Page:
Think about that for a second. Just a few years ago everyone was talking about how the bottom had fallen out of independent film funding. While that may be true to a certain extent, Kickstarter has completely changed the way smaller films are funded, and they've created a new golden age of film funding. Who knows if the funding on Kickstarter will ever dry up, but for now, it's one of the best places to go if you're trying to make a movie or web series. Check out some of the incredible statistics below:
Film & Video statistics (April 28, 2009 — January 1, 2013)
- Total pledged: $102.7 million
- Total collected: $85.7 million
- Total backers: 891,979
- Funded projects: 8,567
In the past three years, nearly 900,000 people have pledged their support to an independent filmmaker on Kickstarter, pledging more than $100 million to features, documentaries, shorts, webseries, and other film and video projects. Nearly $60 million has been pledged in the past 12 months alone.
To me, the really staggering number is the fact that almost 9,000 projects have been funded. Whether they have been successfully made yet or not, that means 9,000 different productions were created because they reached the crowd directly -- of which there were almost 900,000. We always talk about it being so difficult to compete with all of the different screens that most people are bombarded with, but clearly there is an audience out there somewhere, even if it's not as big as we'd like it to be.
Here are some of the highlights from the history of film on Kickstarter:
- At least 86 Kickstarter-funded films have been released theatrically, screening in more than 1,500 North American theaters according to Rentrak. Another 14 films have theatrical premieres slated for 2013.
- According to Rotten Tomatoes, three of the 20 best-reviewed films of 2012 are Kickstarter-funded (The Waiting Room, Brooklyn Castle, and Ai Weiwei: Never Sorry). Another Kickstarter-funded film, Pariah, was among the best-reviewed of 2011.
- Two films have been nominated for Oscars in the past two years: Sun Come Up and Incident in New Baghdad. A third, Barber of Birmingham, launched a project after being Oscar-nominated. Three documentary features and two documentary shorts are currently shortlisted for Oscar nominations in 2013: The Waiting Room, Detropia, Ai Weiwei: Never Sorry, Inocente, and Kings Point.
127 Kickstarter-funded projects have premiered or been official selections at Sundance, SXSW, and Tribeca, and many of these films have gone on to win awards at those same festivals. 16 Kickstarter films have been broadcast on a number of different networks, and 8 films were nominated for Independent Spirit Awards just this year.
Obviously the big winner has been documentaries, with narrative feature films not too far behind -- in accolades and in money. It might be worth thinking about why documentaries might be the most funded (even though there were about the same number of both docs and features), especially when we know that for the most part documentaries receive only a fraction of the budgets in Hollywood, and usually only receive a fraction of the revenue. It could have a lot to do with the fact that these movies have a built-in audience already. Whatever their subject, it might be easier convincing people to give money towards a project that is about something tangible and real. It also could have something to do with the way documentary filmmakers get themselves and their ideas out there. Making a doc is an uphill battle in all sorts of ways, and it may be that they can target a potential audience better than narrative filmmakers can.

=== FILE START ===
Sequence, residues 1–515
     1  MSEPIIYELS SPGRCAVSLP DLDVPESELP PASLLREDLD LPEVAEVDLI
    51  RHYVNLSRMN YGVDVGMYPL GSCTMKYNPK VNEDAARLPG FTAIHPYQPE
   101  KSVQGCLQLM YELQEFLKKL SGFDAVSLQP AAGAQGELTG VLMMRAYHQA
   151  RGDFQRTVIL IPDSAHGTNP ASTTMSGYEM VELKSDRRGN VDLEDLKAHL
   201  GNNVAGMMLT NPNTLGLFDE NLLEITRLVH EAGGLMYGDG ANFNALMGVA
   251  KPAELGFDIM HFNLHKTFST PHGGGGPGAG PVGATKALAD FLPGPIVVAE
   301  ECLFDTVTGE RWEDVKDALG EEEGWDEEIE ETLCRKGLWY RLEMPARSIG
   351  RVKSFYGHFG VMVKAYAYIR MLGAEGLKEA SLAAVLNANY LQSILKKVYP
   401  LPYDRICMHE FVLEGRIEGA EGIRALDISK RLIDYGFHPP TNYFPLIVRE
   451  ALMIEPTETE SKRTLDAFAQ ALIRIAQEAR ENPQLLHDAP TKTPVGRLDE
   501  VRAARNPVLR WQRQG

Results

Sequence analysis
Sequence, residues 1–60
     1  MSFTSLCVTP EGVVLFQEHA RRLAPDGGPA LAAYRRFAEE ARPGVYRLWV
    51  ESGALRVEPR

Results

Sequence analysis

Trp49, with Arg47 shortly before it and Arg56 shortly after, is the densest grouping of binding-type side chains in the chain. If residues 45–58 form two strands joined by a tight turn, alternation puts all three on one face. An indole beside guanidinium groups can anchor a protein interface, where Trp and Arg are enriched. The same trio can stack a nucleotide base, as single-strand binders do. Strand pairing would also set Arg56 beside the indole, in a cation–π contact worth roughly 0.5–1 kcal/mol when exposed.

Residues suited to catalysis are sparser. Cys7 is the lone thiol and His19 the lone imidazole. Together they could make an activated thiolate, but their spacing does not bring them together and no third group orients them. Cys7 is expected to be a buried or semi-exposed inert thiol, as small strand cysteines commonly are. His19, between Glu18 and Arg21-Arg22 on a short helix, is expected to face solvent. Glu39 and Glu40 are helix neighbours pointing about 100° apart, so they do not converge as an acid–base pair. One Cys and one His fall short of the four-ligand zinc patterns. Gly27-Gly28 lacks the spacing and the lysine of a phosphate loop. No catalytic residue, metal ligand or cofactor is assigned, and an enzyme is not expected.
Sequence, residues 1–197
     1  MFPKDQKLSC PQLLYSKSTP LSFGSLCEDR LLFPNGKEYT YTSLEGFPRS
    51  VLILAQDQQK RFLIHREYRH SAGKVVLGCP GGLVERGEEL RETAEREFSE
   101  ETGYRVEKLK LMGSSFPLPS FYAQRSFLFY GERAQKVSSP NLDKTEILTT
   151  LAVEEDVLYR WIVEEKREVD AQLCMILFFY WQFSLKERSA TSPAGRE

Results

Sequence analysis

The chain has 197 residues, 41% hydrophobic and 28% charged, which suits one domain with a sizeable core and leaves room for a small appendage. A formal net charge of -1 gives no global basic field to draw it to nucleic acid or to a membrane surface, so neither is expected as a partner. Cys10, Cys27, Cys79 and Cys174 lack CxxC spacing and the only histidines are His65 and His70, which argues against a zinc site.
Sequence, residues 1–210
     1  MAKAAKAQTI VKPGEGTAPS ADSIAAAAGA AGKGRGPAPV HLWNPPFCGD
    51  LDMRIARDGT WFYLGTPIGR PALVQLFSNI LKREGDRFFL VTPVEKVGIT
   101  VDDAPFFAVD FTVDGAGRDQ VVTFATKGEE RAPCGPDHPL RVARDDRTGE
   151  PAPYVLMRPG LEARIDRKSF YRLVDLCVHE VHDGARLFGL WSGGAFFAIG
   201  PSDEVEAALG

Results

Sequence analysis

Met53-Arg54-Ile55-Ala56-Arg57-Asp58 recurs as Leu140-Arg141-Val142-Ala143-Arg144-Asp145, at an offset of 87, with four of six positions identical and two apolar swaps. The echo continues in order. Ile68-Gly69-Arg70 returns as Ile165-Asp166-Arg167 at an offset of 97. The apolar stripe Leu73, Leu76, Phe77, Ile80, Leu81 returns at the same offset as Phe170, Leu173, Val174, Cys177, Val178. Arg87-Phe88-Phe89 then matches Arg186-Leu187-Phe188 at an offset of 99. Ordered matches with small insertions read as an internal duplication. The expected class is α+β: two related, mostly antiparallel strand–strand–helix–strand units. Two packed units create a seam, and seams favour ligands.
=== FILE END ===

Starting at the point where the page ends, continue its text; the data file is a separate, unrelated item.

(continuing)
Of course, if you look at it another way, narrative feature films still raised over $30 million dollars. That's nothing to scoff at. Another significant number is $60 million. That's how much has been pledged in the last year. If you're looking to make a film, and you want to fund on Kickstarter, it looks like things are only going to get better. Based on those numbers, it's not clear when we'll hit the ceiling -- if ever. As Kickstarter enters the mainstream, and opens up in more countries, it's going to become even more relevant, and likely reach a far wider audience. This is only going to help independent films going forward. More eyeballs means a better chance to hit your goal and make your movie. It also means more competition, but that's a fact of any industry that lowers the cost of participation.
We have more hurdles ahead, however. A lot of the money for these projects goes directly into production costs, and not necessarily towards helping these filmmakers make a living. That's the next big challenge, figuring out how a person can make a living in this industry outside of Hollywood (if that's even possible). It may be that independent film is destined to be strictly a hobby, and not as a way to sustain yourself. Only time will tell, but from the looks of it, we're just getting started.
What do you guys think? Have you funded anything on Kickstarter? If not, do you plan to in the future? What do you think is next for all of these funded movies -- will we figure out independent distribution or will most indies be relegated to passion projects that only a handful of people see?